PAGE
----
Another Axe to grind.

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MARK.B.

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Must be something in the air o_O today i was given another axe that has seen better days :cry: . This one is only a tiny little thing that i think may have been hand made as there are no makers marks that i can find on it, and it has a sort of crudeness to it still showing hammer marks all over . It is definitely old and blunt and somebody had used a bit of broom handle or similar to fashion a handle :eek: and wedged it with a 40mm clout nail :eek::eek::eek::eek::eek:, this has been done later in its life and done very badly to boot . Having received some great advice on here sorting out the last one (y):) i have decided to give it another lease of life and have it by the fire in house, mainly for show but sharp enough to be used if needed for smaller kindling.
As it is on display i thought about a nice bit Bubinga would look OK , to you that know these sort of things ,will Bubinga be a suitable wood to use :unsure::unsure:.
 

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Sheptonphil

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It’s actually an American TRUE-TEMPER number R2S half hatchet camping survival axe, or a True Temper carpenters axe, depending on size. The camping axe is slightly smaller.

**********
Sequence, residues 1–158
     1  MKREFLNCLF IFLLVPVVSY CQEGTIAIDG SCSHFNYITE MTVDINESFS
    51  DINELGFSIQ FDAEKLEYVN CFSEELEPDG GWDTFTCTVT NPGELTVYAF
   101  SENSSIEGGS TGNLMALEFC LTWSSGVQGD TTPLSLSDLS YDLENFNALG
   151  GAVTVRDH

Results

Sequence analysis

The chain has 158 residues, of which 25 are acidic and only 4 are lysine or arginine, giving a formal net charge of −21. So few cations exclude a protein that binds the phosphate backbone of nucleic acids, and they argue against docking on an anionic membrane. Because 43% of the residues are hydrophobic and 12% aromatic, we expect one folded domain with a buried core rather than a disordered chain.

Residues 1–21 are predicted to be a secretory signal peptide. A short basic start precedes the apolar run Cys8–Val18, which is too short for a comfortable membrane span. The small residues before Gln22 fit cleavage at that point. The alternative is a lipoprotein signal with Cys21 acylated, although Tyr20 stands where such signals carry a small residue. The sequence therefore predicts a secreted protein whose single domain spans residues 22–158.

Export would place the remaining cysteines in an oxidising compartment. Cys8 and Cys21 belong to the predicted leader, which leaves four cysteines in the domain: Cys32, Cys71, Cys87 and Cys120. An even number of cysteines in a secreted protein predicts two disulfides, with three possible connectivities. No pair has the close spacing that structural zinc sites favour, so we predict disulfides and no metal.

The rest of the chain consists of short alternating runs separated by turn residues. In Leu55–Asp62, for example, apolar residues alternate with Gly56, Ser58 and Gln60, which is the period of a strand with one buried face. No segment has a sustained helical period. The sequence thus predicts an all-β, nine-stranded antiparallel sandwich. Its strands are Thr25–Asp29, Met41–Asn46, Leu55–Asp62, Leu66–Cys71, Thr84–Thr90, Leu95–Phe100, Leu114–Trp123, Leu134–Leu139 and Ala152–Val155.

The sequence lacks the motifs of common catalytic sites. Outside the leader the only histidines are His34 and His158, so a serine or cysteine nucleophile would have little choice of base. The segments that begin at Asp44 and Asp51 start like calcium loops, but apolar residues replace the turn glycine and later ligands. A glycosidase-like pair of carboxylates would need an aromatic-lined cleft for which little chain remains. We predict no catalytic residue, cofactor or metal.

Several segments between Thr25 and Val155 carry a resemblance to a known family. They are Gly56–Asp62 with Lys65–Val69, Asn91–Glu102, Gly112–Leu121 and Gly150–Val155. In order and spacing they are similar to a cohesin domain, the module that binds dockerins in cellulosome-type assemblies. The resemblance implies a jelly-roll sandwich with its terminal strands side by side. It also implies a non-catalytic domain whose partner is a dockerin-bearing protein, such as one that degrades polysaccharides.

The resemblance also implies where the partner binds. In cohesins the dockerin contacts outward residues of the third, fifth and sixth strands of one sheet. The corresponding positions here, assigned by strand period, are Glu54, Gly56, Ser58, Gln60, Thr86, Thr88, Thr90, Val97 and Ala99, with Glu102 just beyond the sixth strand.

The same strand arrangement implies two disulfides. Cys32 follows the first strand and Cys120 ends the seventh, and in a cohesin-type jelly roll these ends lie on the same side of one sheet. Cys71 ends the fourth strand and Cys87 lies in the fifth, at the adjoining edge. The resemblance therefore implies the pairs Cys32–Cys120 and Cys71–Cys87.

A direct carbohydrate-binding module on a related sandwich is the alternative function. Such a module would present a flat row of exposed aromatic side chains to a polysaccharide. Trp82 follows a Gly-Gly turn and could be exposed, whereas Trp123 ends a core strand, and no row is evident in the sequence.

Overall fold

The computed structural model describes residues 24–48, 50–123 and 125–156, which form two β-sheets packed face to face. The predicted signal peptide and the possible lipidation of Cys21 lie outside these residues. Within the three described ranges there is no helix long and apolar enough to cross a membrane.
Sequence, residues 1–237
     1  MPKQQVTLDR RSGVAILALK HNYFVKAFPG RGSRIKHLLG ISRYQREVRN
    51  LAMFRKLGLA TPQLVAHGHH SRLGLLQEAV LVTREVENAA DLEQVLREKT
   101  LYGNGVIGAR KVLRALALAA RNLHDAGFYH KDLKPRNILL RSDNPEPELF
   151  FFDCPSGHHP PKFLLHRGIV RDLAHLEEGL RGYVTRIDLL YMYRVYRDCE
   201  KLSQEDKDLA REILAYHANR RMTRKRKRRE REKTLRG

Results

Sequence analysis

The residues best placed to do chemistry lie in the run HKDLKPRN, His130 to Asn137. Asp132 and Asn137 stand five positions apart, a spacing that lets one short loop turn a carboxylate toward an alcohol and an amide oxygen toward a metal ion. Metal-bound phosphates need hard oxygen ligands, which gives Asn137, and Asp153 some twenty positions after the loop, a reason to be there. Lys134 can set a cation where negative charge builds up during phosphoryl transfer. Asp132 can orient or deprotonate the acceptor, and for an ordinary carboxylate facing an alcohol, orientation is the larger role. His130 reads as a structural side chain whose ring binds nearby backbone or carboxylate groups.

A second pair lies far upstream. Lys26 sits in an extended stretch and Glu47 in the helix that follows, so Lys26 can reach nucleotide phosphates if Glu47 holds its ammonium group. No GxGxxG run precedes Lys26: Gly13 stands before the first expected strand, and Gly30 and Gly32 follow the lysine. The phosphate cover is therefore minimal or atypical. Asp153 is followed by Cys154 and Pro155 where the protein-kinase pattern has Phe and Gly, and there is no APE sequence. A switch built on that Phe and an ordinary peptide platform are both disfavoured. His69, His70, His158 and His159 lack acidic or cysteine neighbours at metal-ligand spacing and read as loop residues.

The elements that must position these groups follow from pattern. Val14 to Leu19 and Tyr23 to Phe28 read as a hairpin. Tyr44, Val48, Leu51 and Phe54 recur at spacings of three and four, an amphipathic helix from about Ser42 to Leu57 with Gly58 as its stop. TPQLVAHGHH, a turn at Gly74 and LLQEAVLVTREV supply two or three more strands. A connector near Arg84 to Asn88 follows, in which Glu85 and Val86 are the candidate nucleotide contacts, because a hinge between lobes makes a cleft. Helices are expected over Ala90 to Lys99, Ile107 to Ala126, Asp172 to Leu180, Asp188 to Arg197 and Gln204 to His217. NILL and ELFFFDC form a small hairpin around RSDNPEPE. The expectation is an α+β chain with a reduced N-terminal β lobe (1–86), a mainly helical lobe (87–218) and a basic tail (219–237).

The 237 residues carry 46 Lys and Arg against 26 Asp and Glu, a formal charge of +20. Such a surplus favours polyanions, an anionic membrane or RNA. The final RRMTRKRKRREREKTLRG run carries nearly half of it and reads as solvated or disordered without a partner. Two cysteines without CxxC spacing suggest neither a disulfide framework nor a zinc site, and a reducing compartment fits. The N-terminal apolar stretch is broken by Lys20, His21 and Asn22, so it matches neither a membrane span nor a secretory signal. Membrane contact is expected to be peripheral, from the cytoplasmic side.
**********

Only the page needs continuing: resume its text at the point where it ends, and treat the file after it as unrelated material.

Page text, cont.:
MARK.B.

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I will bow to your wisdom and knowledge Phil (y):) it does look rather poorly made though ,not smooth in any way really ,and i don't think its rust damage,more like hammer blows from forging :unsure::unsure:
 

Jones

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Looks like a roofers axe to me. It's used to chop the battens and nail them in , the slot is for pulling nails.
 

Inspector

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It probably would but since it is somewhere on the Cites list I would save it for special projects and use a more common domestically grown wood, even salvaging a broken shovel handle. Your wood so up to you.

Pete
 

Jones

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Ash and hickory are typically used for axe and hammer handles as they're straight grained and a bit springy so don't jar your wrist too much. I'm sure bubinga will be ok so long as the grain doesn't run out the side of the shaft, it'll certainly look good.
 

MARK.B.

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Thanks guys, Will make one with Ash ? to see how it looks before i decide when or if i break into my bubinga stash :)
 

scholar

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I had a very similar looking axe head from my grandfather that I re-handled recently. I managed to find some details of it on-line as shown below.

I found an ash handle that I managed to make fit.

47937119-0C05-4F0D-B545-1478973EFF7B.jpeg


8E27A505-6DB7-431F-B3E1-0A066456C327.jpeg


I think it is American anyway. You can see that I have still to regrind the edge which will involve a fair bit of metal removal.

Cheers
 

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